“You’ve just got to splurge and get everything out; it really focuses you,” he says. “You’re loving every minute of it because you’re not having to care about anything else. You can become very narrow-minded and selfish, which isn’t a bad thing when making music at all.” And though he’s emphatic that there’s no analogy to be found between producing an album and raising kids, he’s discovered that the two processes are mutually beneficial. “Each puts the other into perspective,” he says. “Doing one helps you relax about the other.”
“If the kids don’t care about what you do, you should think about what you’re doing, because pop music is for teenagers”
While accessing the memories of a younger, wilder time for the new album, Mount had to shut himself off from his comfortable, middle class concerns. But he knows that fatherhood and financial success is taking him ever further away from the lovelorn, desperate character of his lyrics, and he’s aware of the potential for problems there – he doesn’t want to write songs about being complacent, to stop writing lyrics about unrequited love. “There are warning signs – I’ve heard that happen to Paul McCartney, and it doesn’t sound good on record,” he says. “You survive by using music as your personal playground, your shed. The music I love reminds me of being a teenager, and it’s easy to access that. It would be slightly perverse if I ended up doing it at 45.”
On the new album, Mount plays all the instruments himself, apart from a little Hammond organ. “It’s the way I’ve always done it; that’s what I do,” he explains of the status of Metronomy, which is perhaps closer to a solo project than a band. “Part of the character of Metronomy, and the reason people like it, is that it’s my personality. Metronomy exists as a band when we tour and it exists as me in the studio. To me, it’s very easy to work with them both, and the band understand that.”
“Also, they’re attractive people,” he says playfully. “If you’ve got a very talented, attractive drummer, and you’ve got a very talented, attractive bass player, who’ve got personalities, it helps.”
The bedroom producer is back with a vengeance, then. From our conversation, during which he gushes about Beyoncé’s new Diplo-produced track Hold Up, it seems that the idea of transitioning into a pop production powerhouse is incredibly appealing to him. “Bedroom producers are taking over the world,” he says. “Hudson Mohawke’s been producing for Kanye West and he’s just a bedroom guy too. What he’s able to bring to a track is invaluable; now that world understands the value of those people. People like Diplo and Pharrell, they’re producers, but they go beyond that. They’re orchestrating pieces of music produced by hundreds of people.” If he didn’t feel as passionate about the existence of Metronomy as he does, he’d focus on getting a credit on a Rihanna hit. “Maybe in ten years,” he says, hopefully.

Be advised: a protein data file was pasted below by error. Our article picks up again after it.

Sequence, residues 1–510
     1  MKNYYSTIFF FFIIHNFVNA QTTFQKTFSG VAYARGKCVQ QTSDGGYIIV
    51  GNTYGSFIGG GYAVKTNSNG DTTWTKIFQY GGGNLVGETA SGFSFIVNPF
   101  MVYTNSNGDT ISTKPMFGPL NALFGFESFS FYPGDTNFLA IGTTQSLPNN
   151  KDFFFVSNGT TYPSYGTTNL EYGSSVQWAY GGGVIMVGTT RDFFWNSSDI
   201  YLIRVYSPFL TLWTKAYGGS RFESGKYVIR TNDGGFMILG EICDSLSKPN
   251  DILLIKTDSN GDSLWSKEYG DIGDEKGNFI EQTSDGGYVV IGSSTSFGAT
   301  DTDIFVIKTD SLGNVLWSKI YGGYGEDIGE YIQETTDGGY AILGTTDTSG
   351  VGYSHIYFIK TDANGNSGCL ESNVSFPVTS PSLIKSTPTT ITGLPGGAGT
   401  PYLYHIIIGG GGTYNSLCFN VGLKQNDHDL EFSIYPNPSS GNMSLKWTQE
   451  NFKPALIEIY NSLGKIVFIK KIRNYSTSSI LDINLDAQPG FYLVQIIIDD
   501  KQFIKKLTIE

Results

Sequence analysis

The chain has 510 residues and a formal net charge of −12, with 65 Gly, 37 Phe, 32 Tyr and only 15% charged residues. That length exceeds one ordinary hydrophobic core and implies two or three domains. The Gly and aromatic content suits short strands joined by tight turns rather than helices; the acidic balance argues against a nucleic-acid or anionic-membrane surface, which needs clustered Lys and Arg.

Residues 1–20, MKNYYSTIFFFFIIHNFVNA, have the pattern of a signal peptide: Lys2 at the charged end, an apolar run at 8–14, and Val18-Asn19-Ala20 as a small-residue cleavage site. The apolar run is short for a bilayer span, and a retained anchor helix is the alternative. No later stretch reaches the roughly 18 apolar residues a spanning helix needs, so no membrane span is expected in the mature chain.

Any early concerns about Metronomy’s longevity, then, are a distant memory. He appears slightly surprised by how well things have gone, and his ability to mature for the demands of fatherhood. But for Mount, every unexpected twist and turn of Metronomy’s evolution has only reassured him that trusting his instinct usually pays off. And he’s already thinking about how he can flip things around next time.
“What I’d love to do now is another instrumental record,” he says. “I probably will. The fans of Metronomy are so accepting. I feel very lucky.” It’s more than just luck that’s got Joe Mount this far of course. And beneath that cloak of down- to-earth modesty, he probably knows it.
Metronomy’s new album will be released this summer via Because Music